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Rishi Sunak forced into mini-reshuffle after two ministers quit amid Tory MP exodus at next election

Rishi Sunak forced into mini-reshuffle after two ministers quit amid Tory MP exodus at next election

Two respected ministers announced they are quitting their roles as the Tory exodus from the Commons grew.

Skills minister Robert Halfon and armed forces minister James Heappey broke the news of their departures just hours after Rishi Sunak appeared before the Common Liaison Committee ahead of the Commons rising for Easter.

In a letter to the Prime Minister, Mr Halfon said: “I feel that it is time for me to step down at the forthcoming General Election, and in doing so, to resign as a Minister in your Government.”

The Harlow MP is a former chairman of the Commons education committee and advocate of Blue Collar Conservatism, who is seen as more in touch with voters than some of his Tory colleagues.

Mr Heappey had already said he is quitting as an MP at the next election.

But he confirmed his resignation as armed forces minister.

The Tory MP for Wells posted on X: “I’ve loved every minute as MinAF in this incredible department. Our Armed Forces & MOD civil servants are the very best of us. Representing them in Parliament & around the world over last 4.5 years has been an amazing privilege.”

As part of the changes, Nus Ghani has been selected to be Minister for Europe in the Foreign, Commonwealth and Development Office; Leo Docherty will serve in the Ministry of Defence, Kevin Hollinrake will go to the business department, Luke Hall will be a minister in the Department for Education and Alan Mak will serve as a parliamentary under secretary.

More than 60 MPs elected as Conservatives, some who are currently sitting as independents, have now said they are standing down at the election, with the Tories flatlining in the polls on about 20 per cent, way behind Labour with some surveys putting the gap at up to 27 points.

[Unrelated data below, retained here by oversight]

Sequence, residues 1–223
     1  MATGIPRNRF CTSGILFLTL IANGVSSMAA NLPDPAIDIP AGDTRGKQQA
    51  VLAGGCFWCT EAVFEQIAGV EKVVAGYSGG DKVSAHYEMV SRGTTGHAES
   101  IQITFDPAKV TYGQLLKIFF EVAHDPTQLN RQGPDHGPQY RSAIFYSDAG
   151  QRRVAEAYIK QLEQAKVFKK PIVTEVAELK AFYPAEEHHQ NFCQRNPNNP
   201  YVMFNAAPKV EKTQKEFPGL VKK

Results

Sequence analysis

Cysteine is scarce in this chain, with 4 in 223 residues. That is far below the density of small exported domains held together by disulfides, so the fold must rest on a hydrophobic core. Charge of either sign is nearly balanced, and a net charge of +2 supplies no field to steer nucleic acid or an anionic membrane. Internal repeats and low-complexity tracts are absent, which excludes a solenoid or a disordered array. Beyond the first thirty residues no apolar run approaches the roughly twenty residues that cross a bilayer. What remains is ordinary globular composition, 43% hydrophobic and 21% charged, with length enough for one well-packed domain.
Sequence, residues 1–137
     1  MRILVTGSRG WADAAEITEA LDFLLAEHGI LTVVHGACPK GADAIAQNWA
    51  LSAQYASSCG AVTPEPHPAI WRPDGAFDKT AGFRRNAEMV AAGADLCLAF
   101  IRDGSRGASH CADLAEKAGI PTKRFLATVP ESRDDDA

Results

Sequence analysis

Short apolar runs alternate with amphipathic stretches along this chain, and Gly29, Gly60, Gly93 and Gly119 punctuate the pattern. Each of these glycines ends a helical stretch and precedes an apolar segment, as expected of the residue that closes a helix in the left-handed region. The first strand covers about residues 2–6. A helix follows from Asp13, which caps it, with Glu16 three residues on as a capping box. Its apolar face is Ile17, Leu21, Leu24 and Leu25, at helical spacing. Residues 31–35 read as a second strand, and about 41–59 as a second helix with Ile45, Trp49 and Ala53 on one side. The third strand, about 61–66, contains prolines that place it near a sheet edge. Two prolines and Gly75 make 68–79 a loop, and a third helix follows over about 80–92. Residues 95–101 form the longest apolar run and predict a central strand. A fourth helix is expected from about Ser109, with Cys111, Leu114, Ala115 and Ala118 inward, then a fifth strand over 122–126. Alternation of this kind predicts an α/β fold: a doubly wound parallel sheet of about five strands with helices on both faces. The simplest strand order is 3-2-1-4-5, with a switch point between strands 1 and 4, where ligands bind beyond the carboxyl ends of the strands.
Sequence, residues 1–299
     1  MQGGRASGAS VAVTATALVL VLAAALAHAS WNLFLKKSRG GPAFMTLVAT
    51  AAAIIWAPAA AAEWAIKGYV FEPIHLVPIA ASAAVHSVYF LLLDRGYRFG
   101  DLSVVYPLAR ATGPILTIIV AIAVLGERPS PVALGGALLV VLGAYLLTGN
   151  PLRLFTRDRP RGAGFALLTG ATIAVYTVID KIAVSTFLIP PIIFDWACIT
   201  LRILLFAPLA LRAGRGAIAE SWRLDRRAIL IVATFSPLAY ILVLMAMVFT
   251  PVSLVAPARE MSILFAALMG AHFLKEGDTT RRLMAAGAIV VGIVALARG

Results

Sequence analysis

The departure of the two middle-ranking ministers comes after ex-Prime Minister Theresa May and a string of former Cabinet ministers including ex-Home Secretary Sajid Javid said they would be going at the election, expected in the autumn.

A number of London Tory MPs are also standing down including Nickie Aiken, MP for the Cities of London and Westminster, Sutton and Cheam MP Paul Scully and Wimbledon MP Stephen Hammond.

Mr Sunak thanked Mr Heappey for his "invaluable role in implementing the Government's Defence agenda".

"You have made an important contribution to Government and your support to consecutive Conservative administrations at the Ministry of Defence has been commendable," the Prime Minister wrote in a letter.

Mr Heappey had reportedly been on "resignation watch" from his ministerial role after telling colleagues privately that he was unhappy about the level of defence spending.

During a 10-year career in the Rifles, Mr Heappey served in Afghanistan, Iraq, Northern Ireland and Kenya.

He had been hotly tipped to succeed Ben Wallace as Defence Secretary following his resignation last year.

But Mr Sunak instead gave the Cabinet post to Grant Shapps, who has no military experience.

In his letter to Mr Halfon, Mr Sunak told Mr Halfon he was "very sorry to hear" of his decision to step down from Government and to stand down at the next election.

"You have made an important contribution to our public life, spanning almost 25 years," the Prime Minister wrote.

He commended Mr Halfon for being a "stalwart champion" for apprenticeships and promoting social mobility.

The Association of Colleges chief executive David Hughes said he was "sorry" to hear of Mr Halfon's departure.

"He has been a passionate champion for further education, skills and apprenticeships throughout his tenure as chair of the education select committee, and as minister, bringing to the roles a commitment to colleges and to understand from students and apprentices as much he can about what works for them.”

Reflecting on his time at the Ministry of Defence, Mr Heappey added: “From the first COBR on Covid-19 to the most recent Ukraine Donor Contact Group last week in Ramstein via Kabul, Kyiv, Kosovo, Khartoum and the Southern Red Sea. It’s been an incredibly busy four and a half years.

“But the work isn’t done. Ukraine needs our support now as much as ever. Perhaps even more so. Their’s is a fight for the future of Euro-Atlantic security and so we must continue to lead the world in the breadth & bravery of our support.

“My sincerest thanks to all who serve so brilliantly in our nation’s armed forces & to the families that stand behind them. We’re asking a lot of them at the moment - rightly so, the geo-political situation demands it - and we should never forget their sacrifice.”

The announcements from the two ministers came the day after disgraced ex-Tory MP Scott Benton resigned forcing a “Red Wall” by-election for the Prime Minister.

The Blackpool South MP was facing the prospect of being removed from his seat by voters after being caught in a lobbying scandal.